Got some work to do. As I'm sure you know, There are only certain products I recommend, they have to be of quality, and have to add value. The same goes for the other Strength Coaches I work with. Luckily I've worked with some of the best, including world record holder Andy Bolton.Think I might give this a go to fine tune my technique, strength and endurance. Lets see what happens...
Andy Bolton in action......
Friday, 5 April 2013
Cj M Swaby
I thought I'd set myself a challenge. I was becoming comfortable being comfortable and I thought that with the start of the WPU Strength Club, I had better lead by example. So I did.
I'm 8 weeks out. On June 1st 2013 I will be competing in the Southern area qualifiers for Britain's Natural Strongest Man in the U105kg category in Oxford. This will be my second competition. I've got that nervous excited energy in the pit of my stomach, and looking forward to getting into the arena.
I am currently 96/97kg and my strength is currently off the mark. But come 1st June I am sure it will be.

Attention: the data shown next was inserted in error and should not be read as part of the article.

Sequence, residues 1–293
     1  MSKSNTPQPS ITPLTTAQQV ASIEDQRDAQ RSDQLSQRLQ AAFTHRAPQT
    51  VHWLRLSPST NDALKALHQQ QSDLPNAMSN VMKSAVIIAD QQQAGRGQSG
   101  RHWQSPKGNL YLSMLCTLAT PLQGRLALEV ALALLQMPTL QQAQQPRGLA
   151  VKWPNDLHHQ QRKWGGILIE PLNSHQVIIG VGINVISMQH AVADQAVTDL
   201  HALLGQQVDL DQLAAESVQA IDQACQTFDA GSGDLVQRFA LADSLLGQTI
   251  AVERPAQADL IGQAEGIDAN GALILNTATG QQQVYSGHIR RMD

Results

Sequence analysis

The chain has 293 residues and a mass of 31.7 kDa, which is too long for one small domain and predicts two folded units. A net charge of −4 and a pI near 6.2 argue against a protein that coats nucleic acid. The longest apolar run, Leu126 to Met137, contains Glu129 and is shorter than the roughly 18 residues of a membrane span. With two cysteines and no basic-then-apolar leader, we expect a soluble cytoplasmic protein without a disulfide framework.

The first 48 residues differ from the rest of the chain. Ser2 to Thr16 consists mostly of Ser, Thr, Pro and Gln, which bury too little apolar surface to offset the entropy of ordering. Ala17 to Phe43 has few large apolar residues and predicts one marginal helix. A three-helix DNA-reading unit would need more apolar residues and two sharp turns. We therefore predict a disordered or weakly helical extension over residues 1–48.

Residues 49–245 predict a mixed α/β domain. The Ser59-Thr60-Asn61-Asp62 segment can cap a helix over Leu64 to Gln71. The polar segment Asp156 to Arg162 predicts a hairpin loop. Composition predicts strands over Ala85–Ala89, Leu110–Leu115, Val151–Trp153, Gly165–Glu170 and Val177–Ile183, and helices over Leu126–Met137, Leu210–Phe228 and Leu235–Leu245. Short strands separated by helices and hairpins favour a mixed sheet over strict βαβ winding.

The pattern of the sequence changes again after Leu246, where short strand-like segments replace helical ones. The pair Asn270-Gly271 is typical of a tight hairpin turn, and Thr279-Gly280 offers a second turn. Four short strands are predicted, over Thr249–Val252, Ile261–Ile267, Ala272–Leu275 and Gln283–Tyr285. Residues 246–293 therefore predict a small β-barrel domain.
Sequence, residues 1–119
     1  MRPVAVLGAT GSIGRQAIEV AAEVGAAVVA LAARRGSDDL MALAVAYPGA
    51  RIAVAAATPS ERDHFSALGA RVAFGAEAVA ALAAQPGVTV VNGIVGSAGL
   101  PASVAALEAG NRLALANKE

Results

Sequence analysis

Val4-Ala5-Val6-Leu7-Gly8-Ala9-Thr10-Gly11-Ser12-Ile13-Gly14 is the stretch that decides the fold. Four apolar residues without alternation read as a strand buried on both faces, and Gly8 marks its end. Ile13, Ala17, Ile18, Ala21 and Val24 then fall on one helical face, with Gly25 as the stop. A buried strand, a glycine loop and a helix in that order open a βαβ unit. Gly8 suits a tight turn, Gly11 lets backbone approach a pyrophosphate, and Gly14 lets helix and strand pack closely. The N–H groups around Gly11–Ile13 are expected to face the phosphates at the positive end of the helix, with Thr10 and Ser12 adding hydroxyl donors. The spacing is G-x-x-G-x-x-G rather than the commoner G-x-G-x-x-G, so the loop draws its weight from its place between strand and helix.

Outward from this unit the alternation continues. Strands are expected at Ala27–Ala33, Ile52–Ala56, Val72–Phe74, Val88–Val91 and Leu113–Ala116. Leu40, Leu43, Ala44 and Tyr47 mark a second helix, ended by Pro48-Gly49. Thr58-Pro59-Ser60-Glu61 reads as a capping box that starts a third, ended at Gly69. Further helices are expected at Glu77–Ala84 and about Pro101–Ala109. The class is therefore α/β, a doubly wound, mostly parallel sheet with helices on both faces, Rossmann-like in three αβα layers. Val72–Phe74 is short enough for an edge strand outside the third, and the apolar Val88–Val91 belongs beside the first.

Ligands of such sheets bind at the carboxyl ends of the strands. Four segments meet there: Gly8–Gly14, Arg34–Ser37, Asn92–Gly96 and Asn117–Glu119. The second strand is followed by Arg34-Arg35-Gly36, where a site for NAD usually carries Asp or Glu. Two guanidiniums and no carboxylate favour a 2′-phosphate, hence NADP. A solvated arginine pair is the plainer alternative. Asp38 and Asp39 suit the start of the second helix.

Do you want to know what the event involves? Well here it is?
105kg Log lift for reps
230kg Deadlift for reps
110kg & 130kg Farmers Walk
Olympic Bar to overhead. Maximum weight wins (no continental cleans)
Plus medley to finish.
Too easy right? Each week I will be blogging about my training down at Crossfit Bold and Energie Gym in Fulham leading up to the competition. I'll certainly be reviewing what I learned from the legendary Andy Bolton.
Bricking it? Yes.
Excited? Sure bloody.
Saturday, 23 March 2013
April 21st at Crossfit Bold, London see's the launch of W.P.U Strength Club. The W.P.U Strength Club is all about drug free strength training for men and women who want to train with all the strongman style kit, with like minded individuals who are just plain awesome.
Whether you want to actively compete or just train and get freakishly strong, you are welcome to attend. Spaces up for grabs are limited.
You can find out more and book your spot by going to
Tuesday, 19 February 2013
After publishing my articles and Richie J Edwards strength phase training sessions on breakingmuscle.com I received tons of emails with questions about strength training. As I am not able to respond to all of them individually, here is a first of the short posts on strength training. In the Strength training series, I hope I will answer all the questions asked.